THE UK Government “must cease to use destitution as a policy tool” according to a report published today by a coalition of charities who have come together to “uphold the human rights of people seeking asylum”.

The report also outlines nine other recommendations for local, national and UK governments to prevent extreme poverty in immigrant communities. These include calling on the Scottish Government “to ensure lock changes are unlawful” in the wake of the Scottish Court of Session ruling that the Serco evictions were legal in November last year.

Fiona McPhail, principal solicitor at Shelter Scotland, said: “This case has highlighted dangerous weaknesses in our legislation which undermine people’s rights to a home in Scotland.

“It is profoundly worrying that private organisations working on behalf of the state do not have to respect people’s human rights.”

The coalition, which includes the Scottish Refugee Council (SRC), JustRight, and Shelter among others, has been working as a “collaborative social justice movement” since 2018, when Serco – a multinational private company subcontracted by Westminster to provide accommodation to those seeking asylum in Glasgow – announced that they would change the locks on people’s homes if they were no longer eligible for support, forcing them into homelessness.

Jen Ang, director of JustRight Scotland, said the coalition was able to “achieve a collaborative social justice that would have been unthinkable had we pursued our aims separately”.

She added: “We hope that we have started something that will continue to live strong, making steady progress towards protecting and supporting people’s housing and human rights in Scotland.”

The report maintains that “adequate housing” is a “central human right”. The Scottish Government and Westminster’s powers overlap on the issues of housing and immigration, so, the report says, all involved “must have regard to the human rights impact of their decisions”.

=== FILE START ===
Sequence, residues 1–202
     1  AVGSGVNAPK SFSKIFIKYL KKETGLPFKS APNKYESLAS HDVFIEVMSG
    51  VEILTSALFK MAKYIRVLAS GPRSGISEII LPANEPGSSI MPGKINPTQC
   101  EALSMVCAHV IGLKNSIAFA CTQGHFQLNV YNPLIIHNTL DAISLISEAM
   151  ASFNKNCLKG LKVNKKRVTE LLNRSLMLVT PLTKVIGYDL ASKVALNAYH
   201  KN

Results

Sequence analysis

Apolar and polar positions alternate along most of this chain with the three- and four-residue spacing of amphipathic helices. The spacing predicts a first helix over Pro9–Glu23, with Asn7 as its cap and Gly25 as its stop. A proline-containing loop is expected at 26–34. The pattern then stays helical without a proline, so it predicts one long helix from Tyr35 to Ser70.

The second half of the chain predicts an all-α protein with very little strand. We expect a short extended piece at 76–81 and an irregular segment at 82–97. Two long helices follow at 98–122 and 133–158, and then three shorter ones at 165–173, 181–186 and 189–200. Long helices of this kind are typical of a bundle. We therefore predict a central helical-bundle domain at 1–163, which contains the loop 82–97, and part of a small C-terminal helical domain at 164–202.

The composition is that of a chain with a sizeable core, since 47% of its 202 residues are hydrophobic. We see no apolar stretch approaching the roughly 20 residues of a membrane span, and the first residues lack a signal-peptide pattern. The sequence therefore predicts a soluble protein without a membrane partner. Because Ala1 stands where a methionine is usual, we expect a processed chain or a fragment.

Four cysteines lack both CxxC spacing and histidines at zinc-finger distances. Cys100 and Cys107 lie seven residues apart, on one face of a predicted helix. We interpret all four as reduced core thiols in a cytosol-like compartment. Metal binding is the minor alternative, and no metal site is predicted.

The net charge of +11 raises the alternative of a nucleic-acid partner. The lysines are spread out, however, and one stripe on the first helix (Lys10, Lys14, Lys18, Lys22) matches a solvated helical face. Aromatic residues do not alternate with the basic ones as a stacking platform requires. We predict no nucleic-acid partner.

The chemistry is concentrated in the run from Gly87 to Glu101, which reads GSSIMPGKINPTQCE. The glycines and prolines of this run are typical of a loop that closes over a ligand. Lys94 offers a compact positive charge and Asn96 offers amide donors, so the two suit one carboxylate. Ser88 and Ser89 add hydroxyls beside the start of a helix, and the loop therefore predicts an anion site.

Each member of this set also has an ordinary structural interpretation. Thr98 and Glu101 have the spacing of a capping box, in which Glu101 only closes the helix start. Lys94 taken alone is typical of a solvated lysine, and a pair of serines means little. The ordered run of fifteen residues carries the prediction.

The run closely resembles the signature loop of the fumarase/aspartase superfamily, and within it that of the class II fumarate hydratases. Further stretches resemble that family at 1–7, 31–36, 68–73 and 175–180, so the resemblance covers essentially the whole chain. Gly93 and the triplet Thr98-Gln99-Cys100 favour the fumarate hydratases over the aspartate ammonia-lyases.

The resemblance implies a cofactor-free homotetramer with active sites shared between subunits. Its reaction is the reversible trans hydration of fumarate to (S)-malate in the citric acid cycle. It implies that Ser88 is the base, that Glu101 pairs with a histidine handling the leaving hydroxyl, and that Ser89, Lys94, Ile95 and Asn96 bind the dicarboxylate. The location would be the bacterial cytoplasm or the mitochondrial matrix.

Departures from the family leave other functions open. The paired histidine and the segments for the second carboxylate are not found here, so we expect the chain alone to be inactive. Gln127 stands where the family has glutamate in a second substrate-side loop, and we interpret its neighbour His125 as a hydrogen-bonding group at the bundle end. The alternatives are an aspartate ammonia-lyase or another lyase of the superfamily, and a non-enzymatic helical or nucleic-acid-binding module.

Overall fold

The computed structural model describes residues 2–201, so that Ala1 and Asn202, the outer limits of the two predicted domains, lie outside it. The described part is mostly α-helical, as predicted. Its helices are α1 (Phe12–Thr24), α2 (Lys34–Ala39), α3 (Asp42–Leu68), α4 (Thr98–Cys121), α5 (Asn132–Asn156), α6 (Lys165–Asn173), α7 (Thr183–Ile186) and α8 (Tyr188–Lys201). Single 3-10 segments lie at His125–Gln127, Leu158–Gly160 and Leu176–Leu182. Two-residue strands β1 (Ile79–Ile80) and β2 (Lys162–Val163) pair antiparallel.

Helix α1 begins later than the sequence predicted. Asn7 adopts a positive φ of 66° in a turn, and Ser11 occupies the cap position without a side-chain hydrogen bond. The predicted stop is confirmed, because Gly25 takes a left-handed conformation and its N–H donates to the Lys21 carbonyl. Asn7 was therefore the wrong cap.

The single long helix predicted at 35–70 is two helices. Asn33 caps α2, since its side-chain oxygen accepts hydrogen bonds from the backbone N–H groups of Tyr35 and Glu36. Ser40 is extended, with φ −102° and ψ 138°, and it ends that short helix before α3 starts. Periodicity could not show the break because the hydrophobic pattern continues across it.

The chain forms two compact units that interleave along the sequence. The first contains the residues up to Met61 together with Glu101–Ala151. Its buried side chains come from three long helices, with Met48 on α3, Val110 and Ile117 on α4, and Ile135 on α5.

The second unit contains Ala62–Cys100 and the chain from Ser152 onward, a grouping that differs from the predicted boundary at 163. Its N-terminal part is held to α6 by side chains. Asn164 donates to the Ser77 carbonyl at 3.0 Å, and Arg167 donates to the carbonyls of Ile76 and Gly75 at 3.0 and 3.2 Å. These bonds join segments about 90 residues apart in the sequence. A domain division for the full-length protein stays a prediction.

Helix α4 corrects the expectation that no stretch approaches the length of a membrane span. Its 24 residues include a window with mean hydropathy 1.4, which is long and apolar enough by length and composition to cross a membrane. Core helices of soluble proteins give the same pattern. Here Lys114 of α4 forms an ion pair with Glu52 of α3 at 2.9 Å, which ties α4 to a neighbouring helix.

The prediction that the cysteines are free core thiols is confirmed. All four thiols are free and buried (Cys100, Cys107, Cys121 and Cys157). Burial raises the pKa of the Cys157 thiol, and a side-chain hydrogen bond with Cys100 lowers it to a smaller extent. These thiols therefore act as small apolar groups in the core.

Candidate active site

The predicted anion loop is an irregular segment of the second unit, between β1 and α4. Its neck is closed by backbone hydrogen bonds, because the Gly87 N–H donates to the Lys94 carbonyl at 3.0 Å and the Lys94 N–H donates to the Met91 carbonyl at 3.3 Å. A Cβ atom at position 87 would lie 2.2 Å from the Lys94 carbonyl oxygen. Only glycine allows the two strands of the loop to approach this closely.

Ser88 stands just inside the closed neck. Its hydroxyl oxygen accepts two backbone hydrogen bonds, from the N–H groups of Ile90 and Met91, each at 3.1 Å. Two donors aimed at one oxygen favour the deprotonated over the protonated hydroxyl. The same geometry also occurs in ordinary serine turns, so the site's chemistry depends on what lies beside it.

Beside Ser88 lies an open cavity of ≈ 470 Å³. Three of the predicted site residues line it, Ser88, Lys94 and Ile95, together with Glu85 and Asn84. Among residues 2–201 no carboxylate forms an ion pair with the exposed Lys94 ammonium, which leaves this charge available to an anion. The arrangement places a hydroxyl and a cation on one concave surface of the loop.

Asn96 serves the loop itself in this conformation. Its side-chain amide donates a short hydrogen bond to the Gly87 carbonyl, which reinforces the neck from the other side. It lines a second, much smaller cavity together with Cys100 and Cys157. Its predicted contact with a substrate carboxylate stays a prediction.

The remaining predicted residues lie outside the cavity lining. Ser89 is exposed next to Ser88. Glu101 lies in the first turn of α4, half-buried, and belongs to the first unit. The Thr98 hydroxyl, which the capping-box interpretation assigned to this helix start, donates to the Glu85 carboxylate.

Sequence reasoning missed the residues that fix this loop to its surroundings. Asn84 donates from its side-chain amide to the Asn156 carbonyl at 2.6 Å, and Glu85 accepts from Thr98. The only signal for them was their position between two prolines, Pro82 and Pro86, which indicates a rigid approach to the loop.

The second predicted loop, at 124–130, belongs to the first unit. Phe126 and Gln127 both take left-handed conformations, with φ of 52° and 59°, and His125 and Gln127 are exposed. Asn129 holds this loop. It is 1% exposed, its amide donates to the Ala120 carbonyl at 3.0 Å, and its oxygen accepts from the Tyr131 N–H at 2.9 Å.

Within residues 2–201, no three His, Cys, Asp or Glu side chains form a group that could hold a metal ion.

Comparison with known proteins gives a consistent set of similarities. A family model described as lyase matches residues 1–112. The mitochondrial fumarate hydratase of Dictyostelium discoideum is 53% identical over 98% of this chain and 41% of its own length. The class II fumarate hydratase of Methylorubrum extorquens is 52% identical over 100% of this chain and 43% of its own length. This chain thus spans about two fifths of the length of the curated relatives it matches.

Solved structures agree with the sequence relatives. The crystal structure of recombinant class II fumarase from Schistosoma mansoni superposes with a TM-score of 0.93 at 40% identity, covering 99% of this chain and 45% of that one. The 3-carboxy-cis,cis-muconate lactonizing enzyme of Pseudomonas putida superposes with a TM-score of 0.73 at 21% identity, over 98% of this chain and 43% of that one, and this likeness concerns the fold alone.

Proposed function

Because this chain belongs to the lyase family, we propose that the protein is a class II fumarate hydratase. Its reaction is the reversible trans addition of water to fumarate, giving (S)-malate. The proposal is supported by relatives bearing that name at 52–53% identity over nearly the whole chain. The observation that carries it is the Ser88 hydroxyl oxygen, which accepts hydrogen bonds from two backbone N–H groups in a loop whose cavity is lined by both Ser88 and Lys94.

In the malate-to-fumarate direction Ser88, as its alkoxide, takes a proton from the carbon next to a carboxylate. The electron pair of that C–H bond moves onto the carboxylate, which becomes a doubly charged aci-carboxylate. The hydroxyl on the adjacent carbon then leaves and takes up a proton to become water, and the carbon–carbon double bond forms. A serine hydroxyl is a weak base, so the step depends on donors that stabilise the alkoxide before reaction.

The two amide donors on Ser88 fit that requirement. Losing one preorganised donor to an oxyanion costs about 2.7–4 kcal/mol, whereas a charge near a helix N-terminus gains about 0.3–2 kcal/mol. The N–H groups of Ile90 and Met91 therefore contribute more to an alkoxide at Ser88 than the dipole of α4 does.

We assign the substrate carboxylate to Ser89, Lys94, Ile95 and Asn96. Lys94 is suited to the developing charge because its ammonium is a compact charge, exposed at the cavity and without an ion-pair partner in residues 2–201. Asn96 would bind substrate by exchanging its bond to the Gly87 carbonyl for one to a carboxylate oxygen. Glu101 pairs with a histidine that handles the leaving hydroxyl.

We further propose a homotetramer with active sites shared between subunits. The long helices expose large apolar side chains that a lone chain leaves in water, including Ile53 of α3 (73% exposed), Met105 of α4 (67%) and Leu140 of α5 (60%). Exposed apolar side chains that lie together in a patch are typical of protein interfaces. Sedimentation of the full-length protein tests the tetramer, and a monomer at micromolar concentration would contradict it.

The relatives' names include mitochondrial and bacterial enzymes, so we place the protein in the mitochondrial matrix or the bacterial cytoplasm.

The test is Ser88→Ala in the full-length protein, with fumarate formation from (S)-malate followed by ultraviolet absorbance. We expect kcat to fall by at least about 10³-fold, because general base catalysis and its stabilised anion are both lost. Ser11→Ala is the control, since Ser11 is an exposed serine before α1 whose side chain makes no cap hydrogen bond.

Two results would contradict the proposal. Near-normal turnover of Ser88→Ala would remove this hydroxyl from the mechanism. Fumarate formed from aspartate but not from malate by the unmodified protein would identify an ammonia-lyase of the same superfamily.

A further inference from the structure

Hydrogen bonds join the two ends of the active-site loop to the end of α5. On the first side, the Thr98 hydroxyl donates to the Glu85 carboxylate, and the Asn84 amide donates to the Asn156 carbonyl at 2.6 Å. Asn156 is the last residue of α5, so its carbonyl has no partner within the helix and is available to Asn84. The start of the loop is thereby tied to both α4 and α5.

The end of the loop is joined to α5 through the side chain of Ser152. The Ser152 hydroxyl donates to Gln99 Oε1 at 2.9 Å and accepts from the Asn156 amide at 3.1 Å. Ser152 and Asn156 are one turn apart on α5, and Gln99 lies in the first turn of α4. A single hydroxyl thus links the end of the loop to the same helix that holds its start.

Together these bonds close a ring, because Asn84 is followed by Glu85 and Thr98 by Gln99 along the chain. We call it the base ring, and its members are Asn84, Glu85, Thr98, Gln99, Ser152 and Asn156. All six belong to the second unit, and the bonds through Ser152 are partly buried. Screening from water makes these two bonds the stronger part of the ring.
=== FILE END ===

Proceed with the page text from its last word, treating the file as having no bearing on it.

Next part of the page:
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The Home Office commented: “If someone has no right to remain in the UK then there is no legal basis to continue to provide support.

“It is right that they should take steps to leave.”

The spokesperson added: “We take the wellbeing of asylum seekers and the local communities in which they live extremely seriously. Together with charities and other stakeholders we have engaged with every individual affected, over a number of months, to provide advice and guidance on the support and options available to them.”

Other recommendations include restoring asylum seekers right to work, extra protections for people who face barriers to return which are beyond their control, and that the Scottish Government and local authorities ensure the anti‑destitution strategy announced in last week’s Budget does not fall short.

Graham O’Neill, policy manager at SRC, said: “It has been hugely inspiring to work alongside this group, but the fight is far from over.

“Almost two years on and we remain resolute that people seeking asylum should never have to face lock-change evictions, destitution and street homelessness, and we will keep fighting for people’s rights and pushing for fundamental change to the systems which enable destitution to happen.”

A Scottish Government spokesperson commented: “Scotland has a long and proud history of welcoming refugees and asylum seekers from all over the world and we are sympathetic to those who face difficulty navigating the complex and increasingly restrictive UK immigration and asylum rules.”

The coalition will today play host to a range of policymakers, government ministers and representatives from across the sector at an event focusing on how change can be achieved.

The SRC said that the aim is to send a message that abuses of power will continue to be challenged legally, politically, and at a grassroots level.

Details of the event can be found at

The report was made available to download this morning via